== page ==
The obedient unicorn trotted into the forest seeking his greatest adventure.
A “hoot” pierced the quiet. He turned towards a majestic oak tree. An owl flew from a branch and perched on the tip of the unicorn’s horn. The unicorn felt he wisdom of the owl flowing through him-sensible ideas-deep reflections-strange notions-frightening speculations. The thoughts were bright lights hurdling down dark tunnels. There was a powerful energy in thinking so many complex thoughts. He relished the power, the energy.
The ideas came too fast. They began to flow together. The lights got smaller, the pathways more confusing. He could not tell the sensible from the bizarre. The dark recesses from his mind were like an endless maze. The great beast became frustrated. Each thought ended with a question. He turned the corners in the maze and found a new idea and another question.
He felt trapped. He shook his had ad the owl flew off. The unicorn was exhausted.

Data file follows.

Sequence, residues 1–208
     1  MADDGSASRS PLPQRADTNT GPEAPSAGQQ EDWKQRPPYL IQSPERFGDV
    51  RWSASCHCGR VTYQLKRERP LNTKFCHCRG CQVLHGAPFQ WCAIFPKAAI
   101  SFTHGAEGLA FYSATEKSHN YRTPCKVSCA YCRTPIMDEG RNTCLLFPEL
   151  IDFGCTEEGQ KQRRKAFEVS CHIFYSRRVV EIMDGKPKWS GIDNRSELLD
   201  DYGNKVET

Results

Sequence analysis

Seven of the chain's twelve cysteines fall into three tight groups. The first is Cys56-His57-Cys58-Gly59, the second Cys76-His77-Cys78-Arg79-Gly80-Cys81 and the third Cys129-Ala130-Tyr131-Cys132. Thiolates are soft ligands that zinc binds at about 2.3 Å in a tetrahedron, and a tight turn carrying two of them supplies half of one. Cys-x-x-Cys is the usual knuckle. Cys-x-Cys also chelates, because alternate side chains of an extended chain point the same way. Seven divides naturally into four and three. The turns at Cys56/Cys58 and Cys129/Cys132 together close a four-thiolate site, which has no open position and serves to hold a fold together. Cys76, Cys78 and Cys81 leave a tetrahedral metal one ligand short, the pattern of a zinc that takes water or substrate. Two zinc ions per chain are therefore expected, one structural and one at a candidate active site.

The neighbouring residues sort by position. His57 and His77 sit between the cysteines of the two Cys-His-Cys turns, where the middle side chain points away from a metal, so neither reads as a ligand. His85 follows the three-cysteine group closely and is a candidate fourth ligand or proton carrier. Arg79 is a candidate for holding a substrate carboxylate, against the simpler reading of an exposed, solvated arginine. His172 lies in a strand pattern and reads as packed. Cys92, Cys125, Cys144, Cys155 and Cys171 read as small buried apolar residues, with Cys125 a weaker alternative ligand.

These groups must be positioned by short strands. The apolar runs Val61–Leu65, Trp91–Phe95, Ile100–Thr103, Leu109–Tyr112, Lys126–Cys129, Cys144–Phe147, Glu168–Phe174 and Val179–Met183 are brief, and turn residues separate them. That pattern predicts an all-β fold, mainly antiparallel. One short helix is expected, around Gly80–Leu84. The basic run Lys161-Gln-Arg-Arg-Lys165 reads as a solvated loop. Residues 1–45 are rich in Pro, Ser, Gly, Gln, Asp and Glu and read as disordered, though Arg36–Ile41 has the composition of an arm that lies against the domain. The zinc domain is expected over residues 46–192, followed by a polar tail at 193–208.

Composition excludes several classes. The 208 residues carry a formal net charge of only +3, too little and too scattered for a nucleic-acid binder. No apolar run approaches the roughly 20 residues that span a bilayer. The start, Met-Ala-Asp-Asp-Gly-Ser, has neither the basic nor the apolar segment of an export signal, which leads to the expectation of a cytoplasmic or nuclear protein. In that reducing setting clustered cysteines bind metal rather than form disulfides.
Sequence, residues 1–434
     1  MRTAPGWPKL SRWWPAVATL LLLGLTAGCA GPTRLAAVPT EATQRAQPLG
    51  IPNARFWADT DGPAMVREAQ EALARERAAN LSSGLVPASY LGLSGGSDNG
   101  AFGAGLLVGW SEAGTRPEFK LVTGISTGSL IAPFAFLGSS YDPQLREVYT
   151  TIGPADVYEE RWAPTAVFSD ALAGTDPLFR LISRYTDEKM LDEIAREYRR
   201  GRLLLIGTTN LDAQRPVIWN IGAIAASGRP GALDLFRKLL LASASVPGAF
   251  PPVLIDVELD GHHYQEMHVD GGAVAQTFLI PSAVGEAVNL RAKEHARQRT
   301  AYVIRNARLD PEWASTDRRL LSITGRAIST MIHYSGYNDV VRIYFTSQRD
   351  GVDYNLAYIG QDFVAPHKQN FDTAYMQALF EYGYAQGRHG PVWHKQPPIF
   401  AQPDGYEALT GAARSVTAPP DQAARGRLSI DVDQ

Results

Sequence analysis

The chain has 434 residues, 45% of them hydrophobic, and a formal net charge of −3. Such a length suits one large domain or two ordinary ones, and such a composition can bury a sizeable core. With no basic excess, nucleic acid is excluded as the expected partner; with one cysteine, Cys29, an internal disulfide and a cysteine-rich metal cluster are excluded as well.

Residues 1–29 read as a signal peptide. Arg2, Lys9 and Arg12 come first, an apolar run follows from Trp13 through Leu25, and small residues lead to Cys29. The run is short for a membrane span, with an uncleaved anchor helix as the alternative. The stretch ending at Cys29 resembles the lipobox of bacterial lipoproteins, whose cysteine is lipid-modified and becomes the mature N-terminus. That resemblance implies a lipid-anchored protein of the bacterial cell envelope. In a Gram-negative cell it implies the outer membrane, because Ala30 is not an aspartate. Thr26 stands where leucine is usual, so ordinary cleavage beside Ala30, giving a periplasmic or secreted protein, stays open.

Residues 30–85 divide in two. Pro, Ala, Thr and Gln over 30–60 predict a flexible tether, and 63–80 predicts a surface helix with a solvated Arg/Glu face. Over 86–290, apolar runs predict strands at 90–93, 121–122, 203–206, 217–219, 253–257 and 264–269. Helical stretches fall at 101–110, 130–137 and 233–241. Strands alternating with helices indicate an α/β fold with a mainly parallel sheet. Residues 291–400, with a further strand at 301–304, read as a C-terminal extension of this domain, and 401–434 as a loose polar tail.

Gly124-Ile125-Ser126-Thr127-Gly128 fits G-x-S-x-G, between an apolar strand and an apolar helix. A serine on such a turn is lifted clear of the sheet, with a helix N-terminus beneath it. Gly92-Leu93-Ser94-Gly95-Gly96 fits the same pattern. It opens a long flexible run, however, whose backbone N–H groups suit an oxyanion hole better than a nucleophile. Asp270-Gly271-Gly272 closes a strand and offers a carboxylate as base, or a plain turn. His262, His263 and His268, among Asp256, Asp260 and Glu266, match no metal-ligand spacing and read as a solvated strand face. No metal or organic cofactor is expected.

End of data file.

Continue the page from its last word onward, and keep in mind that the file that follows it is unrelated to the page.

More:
The unicorn walked slowly to an opening in the forest where he noticed a small lamb frolicking after a butterfly. He joined the carefree lamb, and with amazing grace, the unicorn began leaping over flowers. He felt wondrous delight. He found himself laughing out loud. His senses were acute. The fragrance of the field tickled his nose and created colors in his head. He felt alive.
He put his nose into a patch of golden daisies. An abrupt sneeze sent queer ripples through his muscles. A large bee flew from the clump of flowers and landed on his nose. Before he could shake it off, the bee buried its stinger into his soft flesh.
“Ouch,” he wailed.
His delight quickly replaced by distress. He glanced around for someone to console him. And for the first time he realized there was no flock. He became frightened. He laid down. He began to shiver.